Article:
Volunteers are key to event

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GUNNISON, Colo. – Casey Lincoln found his way to this community of 6,500 people through football.

After high school in southeast Arizona, he attended Mesa (Arizona) Community College to play the game he loved. After his time there, he received a scholarship to continue his education and his playing days at Western State University, and he fell in love with everything about Gunnison.

That’s why he returns every summer to volunteer his time and his talents to the annual Cattlemen’s Days celebration, set for Saturday, July 5-Sunday, July 14, at Fred Field Western Heritage Center in Gunnison.

“The first year I was up there, in an attempt to learn more about the football program, I stayed in Gunnison and worked out with the football team,” said Lincoln, who now lives in San Tan Valley, Arizona, just outside Phoenix. “I got a job at a welding business, because I grew up doing it and became a certified welder in junior college.

“I just love the small-town feel of Gunnison.”

That’s why he makes the 12-hour drive every July to make sure he’s part of the community’s celebration.

“I really enjoy it in Colorado in the summer, and I made some lifelong friends with Kevin Coblentz and his family and others in town,” he said. “Some aren’t in town anymore, but they seem to come back to town every year for the rodeo.

“It was my home away from home for a couple of years, and it’s really good to catch up.”

Lincoln is one of dozens of volunteers who make Cattlemen’s Days work, and he isn’t the only one to travel a great distance just to devote several hours, time and talents to the process. Whether they are helping get the complex ready or helping with the 4H exhibits or greeting contestants at the rodeo, each task is important for the heritage of the celebration.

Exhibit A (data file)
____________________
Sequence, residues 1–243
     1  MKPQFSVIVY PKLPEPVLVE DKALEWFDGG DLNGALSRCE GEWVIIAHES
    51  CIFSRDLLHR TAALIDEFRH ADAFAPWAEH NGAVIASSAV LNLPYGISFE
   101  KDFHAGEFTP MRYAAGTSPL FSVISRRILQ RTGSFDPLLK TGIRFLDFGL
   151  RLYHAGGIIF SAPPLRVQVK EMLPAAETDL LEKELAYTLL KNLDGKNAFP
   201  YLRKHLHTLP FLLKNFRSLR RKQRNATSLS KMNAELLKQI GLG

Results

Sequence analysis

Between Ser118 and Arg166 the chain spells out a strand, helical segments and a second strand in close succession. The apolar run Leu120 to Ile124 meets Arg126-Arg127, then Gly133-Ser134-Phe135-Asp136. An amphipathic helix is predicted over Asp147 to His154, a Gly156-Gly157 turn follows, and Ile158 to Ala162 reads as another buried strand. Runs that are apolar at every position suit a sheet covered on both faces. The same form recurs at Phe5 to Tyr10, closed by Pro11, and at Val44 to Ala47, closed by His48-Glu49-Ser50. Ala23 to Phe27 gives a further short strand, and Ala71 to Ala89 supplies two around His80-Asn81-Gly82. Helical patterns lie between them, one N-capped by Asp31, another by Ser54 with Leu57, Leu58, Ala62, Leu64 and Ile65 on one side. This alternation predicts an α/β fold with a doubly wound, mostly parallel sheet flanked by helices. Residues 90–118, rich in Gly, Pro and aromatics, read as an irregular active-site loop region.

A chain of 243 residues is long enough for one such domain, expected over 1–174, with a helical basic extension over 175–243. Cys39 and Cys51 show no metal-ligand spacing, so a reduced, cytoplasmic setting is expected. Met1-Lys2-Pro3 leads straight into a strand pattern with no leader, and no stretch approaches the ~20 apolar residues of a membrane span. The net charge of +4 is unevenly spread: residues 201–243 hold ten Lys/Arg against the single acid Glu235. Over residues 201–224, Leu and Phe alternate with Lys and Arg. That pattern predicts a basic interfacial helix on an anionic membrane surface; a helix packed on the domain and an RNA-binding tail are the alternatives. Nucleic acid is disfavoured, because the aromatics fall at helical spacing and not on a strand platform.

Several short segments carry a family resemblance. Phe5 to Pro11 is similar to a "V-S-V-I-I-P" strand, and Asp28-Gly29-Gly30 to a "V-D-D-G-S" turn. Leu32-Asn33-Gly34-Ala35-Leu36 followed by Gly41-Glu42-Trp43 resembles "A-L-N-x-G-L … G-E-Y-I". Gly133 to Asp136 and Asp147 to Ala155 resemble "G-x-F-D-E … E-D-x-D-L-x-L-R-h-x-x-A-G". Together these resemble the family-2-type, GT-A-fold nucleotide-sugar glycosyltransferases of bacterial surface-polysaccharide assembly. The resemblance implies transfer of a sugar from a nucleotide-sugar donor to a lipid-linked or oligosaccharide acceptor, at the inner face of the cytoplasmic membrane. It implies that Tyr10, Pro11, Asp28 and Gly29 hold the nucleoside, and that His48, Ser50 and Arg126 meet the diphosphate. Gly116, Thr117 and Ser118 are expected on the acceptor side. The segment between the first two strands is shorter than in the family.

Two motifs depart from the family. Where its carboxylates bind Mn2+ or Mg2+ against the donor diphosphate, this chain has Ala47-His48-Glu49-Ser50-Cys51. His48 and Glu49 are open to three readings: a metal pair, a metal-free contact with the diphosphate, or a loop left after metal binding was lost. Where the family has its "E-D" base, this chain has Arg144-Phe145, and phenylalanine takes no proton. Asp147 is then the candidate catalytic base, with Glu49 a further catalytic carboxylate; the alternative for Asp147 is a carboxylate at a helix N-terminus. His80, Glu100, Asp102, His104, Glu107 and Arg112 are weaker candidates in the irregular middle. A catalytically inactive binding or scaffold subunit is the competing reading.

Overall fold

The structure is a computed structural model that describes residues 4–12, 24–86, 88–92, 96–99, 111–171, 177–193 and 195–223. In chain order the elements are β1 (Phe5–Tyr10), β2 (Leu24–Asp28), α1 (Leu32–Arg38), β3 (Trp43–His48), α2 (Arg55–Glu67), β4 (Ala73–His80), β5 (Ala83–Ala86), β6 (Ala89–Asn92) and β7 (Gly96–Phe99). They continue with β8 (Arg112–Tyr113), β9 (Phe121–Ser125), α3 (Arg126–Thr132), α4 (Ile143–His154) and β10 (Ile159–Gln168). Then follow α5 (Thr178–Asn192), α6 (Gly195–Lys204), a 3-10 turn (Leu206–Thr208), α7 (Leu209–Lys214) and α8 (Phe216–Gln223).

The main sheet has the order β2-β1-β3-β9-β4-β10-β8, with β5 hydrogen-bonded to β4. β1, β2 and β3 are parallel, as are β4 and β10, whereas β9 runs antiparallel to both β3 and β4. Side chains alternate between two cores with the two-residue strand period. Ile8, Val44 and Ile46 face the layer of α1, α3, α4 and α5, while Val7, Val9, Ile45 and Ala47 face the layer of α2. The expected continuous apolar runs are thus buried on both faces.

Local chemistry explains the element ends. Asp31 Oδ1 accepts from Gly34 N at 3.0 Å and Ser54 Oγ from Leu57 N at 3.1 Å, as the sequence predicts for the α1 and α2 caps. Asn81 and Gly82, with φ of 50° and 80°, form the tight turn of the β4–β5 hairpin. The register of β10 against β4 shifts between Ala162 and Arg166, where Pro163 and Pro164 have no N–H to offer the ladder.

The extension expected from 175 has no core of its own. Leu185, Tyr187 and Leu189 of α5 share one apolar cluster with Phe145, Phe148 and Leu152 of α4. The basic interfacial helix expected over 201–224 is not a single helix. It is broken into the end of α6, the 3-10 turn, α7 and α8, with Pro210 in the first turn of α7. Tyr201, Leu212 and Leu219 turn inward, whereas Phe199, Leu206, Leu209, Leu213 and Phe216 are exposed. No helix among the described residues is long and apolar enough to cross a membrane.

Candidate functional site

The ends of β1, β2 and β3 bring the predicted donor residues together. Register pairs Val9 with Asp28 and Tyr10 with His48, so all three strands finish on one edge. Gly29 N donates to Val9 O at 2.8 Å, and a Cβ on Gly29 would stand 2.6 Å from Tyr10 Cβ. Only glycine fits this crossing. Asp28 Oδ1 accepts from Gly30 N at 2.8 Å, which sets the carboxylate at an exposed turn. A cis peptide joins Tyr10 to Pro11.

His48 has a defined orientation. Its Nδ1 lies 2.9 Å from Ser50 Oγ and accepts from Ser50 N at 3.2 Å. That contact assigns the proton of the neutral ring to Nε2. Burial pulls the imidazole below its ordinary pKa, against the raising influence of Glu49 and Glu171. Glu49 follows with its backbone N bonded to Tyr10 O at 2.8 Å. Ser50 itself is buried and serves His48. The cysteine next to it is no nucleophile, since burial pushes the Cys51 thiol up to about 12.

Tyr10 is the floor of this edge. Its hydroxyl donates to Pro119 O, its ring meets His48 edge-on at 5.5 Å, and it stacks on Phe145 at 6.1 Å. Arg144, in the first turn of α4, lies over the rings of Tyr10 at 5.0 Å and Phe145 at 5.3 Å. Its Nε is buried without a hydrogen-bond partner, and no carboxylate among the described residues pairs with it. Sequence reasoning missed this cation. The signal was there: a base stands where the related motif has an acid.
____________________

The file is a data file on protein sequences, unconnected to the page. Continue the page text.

“The great thing about Cattlemen’s Days is that we have an outstanding group of volunteers that put in so much work just to make an event of this magnitude happen,” said Coblentz, president of the Cattlemen’s Days committee. “Some of the stuff we need done is hard labor, and we always have the people there to get it done.

“Casey is just one of several of our volunteers who travel to be here, and I appreciate them and all the others for all they do. Casey’s been a close friend of ours for several years, and we love to have him back every year for Cattlemen’s Days. He’s good people.”

Lincoln is also fascinated with rodeo. He’s a member of the Grand Canyon Pro Rodeo Association, an amateur group that has events primarily in Arizona and New Mexico.

“I grew up team roping and riding horses, but I never competed in actual rodeos, but it’s something that’s near and dear to my heart,” said Lincoln, who is a heavy equipment trainer and consultant for a Caterpillar dealership in the Phoenix area. “Going to Gunnison is a good vacation from work.”

And a good escape from the heat in Arizona. The average July temperature in his hometown is a high 106; meanwhile in Gunnison, the average July high temperature is 80.

“Getting away from the heat is a big reason why I go back,” he said. “But I also like the small town that Gunnison is. In Phoenix, from my house to work can take two and a half hours, depending on traffic. It’s a nice change of pace to go up to Gunnison, and you can drive across town in five minutes.

“It’s just a wonderful place to be in July.”


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